About a third of the way through the book, Katrina comes to Reese seeking advice dealing with the faux-pax of clumsily outing Ames at work. This develops into a larger discussion, Reese sharing parts of Ames’ history that he wouldn’t divulge on his own to Katrina, and from there Reese reveals that “In her heart, she doesn’t think Ames is a man. … How many times had she seen the way that Amy, even before detransition, used masculinity as a defensive cocoon? … Masculinity had always been what allowed Amy not to feel.” This insight gave me a little slap across the face. This month I’m coming closer to resolving an insurance problem that disrupted my hormone supply. Normally I have a back-stock that I’ve been building to deal with this kind of thing, but I waited too long to refill and then ran into an error/refusal that made the script impossible to fill. I ran out of progesterone, and while I still had estrogen, I rationed it, skipping every few weeks. The thing is though, I’d been skipping injections before all this anyway, and it was this moment in the book that made me realize I’d been slipping on my hormones as a way to dissociate out of the struggles of the winter. I was avoiding being in a head space that made me experience the emotions of the present moment. I was using my masculine hormones to dull my feelings! So, I’ve decided to stop fucking around and get the damn thing sorted out so I can be raw and real and present right now!! Spring is happening all around me and even if it’s harder to deal with how shitty things still are in the world, I don’t want to waste a single day being dissociated if I can help it!

Chapter 4 was the part of the book that really rattled me though. It delivers a perfectly constructed network of flashbacks. I did the thing where I read a little bit into it, then stepped away for a while, and when I returned I was so absorbed by the story happening in the narrative past that when it flashed forward at the end, I was totally devastated.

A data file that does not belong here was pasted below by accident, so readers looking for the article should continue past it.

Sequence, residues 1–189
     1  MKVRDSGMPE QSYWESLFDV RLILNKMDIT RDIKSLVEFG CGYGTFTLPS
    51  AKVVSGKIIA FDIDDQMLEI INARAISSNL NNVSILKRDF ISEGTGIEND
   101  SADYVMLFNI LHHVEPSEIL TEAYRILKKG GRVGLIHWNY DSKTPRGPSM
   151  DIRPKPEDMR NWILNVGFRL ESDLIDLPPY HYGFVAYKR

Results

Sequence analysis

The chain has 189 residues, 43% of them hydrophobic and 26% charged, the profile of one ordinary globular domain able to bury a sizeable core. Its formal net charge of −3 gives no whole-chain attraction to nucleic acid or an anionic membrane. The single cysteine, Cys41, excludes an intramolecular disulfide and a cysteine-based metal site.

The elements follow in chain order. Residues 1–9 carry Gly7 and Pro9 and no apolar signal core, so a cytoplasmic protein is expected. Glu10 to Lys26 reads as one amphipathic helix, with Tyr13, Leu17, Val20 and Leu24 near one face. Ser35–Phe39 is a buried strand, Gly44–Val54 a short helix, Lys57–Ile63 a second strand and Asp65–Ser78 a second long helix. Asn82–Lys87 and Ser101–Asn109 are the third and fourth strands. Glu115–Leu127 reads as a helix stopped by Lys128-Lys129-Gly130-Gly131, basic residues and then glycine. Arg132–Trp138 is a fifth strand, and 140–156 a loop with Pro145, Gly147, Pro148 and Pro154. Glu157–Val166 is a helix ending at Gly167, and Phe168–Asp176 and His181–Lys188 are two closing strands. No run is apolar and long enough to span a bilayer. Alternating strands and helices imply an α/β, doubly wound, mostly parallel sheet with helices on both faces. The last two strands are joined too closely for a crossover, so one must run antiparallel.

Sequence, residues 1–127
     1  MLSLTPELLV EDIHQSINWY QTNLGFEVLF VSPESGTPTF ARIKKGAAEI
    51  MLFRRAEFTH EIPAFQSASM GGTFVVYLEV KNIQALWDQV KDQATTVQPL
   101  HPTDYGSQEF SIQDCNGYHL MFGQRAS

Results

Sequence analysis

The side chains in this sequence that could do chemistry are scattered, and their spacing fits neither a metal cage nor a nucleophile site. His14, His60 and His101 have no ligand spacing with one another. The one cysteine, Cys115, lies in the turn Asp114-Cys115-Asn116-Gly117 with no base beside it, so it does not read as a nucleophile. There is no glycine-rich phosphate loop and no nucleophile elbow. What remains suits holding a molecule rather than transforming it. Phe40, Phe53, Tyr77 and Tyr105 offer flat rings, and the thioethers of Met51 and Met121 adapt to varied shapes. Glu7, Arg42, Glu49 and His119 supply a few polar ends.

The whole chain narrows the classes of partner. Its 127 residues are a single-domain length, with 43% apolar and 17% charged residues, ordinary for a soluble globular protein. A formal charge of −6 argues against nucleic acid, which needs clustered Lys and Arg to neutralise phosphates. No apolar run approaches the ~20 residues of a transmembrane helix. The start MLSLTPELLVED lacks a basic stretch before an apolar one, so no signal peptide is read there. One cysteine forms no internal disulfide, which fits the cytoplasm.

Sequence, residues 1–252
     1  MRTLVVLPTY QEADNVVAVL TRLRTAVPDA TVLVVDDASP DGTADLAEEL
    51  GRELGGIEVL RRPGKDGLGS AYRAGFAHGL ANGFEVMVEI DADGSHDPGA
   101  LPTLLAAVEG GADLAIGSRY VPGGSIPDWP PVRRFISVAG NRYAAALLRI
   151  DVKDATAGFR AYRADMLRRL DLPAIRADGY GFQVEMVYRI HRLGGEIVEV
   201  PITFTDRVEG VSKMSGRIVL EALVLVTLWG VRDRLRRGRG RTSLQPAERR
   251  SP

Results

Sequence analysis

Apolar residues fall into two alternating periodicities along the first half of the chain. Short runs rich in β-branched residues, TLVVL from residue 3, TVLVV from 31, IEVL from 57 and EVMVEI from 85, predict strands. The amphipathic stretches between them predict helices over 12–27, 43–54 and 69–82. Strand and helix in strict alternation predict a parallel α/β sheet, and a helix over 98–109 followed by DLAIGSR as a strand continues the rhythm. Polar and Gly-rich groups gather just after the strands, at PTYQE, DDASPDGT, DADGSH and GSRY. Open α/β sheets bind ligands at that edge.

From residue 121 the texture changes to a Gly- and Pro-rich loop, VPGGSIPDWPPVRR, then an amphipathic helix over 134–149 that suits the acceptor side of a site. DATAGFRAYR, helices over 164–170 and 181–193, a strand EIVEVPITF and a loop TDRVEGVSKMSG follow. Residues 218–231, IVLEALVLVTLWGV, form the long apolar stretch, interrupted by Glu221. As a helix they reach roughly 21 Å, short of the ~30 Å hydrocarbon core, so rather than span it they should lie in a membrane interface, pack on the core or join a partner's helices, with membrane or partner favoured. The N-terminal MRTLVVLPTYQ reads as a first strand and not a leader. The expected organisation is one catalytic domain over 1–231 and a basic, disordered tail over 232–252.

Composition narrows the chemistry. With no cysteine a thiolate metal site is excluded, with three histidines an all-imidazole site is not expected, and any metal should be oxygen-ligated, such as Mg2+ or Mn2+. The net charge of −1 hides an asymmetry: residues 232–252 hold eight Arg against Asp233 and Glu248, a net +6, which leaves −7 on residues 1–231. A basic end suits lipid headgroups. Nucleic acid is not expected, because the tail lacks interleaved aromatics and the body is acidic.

The chapter opens with Amy (Ames’ name when he was living as a trans woman, if you didn’t get that earlier) coming down from poppers, sobbing, having sex with Reese, who is at the time still her girlfriend. She’s crying because the poppers made it so “she fell into direct contact with a raw fact: She was a girl in love with a girl. It was overwhelming. It was all she had ever hoped for.” Yes, I remember when this happened to me it was very overwhelming too. I think I was on the couch though, sobbing, not in bed. Next we hear about Amy’s first sexual experience with a girl at 15. Hugely dissociative, and another thing I felt I’d experienced. Further along is Amy’s first time having sex with a guy, in her sophomore year of college. She finds 36-year-old Patrick (lol) on a Yahoo group, asking for someone to dress up with. She replies, interested, but doesn’t have any clothes. He says there’s a place he gets his, he’ll pick her up.

“Picture an anonymous strip mall, veneered in a too-red brick, housing a Subway franchise, a vacuum cleaner store, and sandwiched between the two, a dingy painted sign that read: GLAMOUR BOUTIQUE.” Amy is disappointed with the not-so-glamourous interior but is transfixed by the goth clerk behind the counter. Her nametag says Jen, and she notices Amy’s nervous interest in the breast forms. She asks if she’d like to try any on. Amy isn’t sure her size, so Jen offers to measure her. Once they’re in the dressing room, suddenly it dawns on Amy, “I’m getting a bra fitting from a transsexual!” When she steps out, feeling the weight of the breast forms, she is overjoyed, overflowing with endorphins. “A giggle slipped out, like a bubble.” A comfort starts to simmer, the pleasure of being a girl among girls, talking clothes. “The sense of women advising each other on outfits, of her inclusion in that feminine rite, nearly overwhelmed Amy. It was more than she could have hoped for.” Not only do Amy and Patrick start to loosen up, but Jen is more at ease as well. Patrick tries on some pantyhose and Jen admits cheekily how much she loves the frilly maid outfits. It’s this joy that I want to pluck from this moment. I want to hold it in a vessel, harness its power, duplicate it on demand. It’s something quite specific but not all that rare. It’s the feeling of belonging. Maybe the most pure and generative state I can imagine.

The rest of the chapter progresses through a lot of misery, necessary to arrive at the end, necessary as a counterpoint to the joy. It wouldn’t mean so much if it wasn’t so hard to get... A mother and daughter walk into the shop, judgmentally ruining the scene of euphoria. Patrick speeds off with Amy*, and they have a different kind of dissociative sex. But then we surface again inside the moment at the start of the chapter, Reese comforting Amy while she sobs. It’s the raw familiar reality that devastated me. I’ve been there, I’ve experienced this break down. I've just never seen it reflected back at me.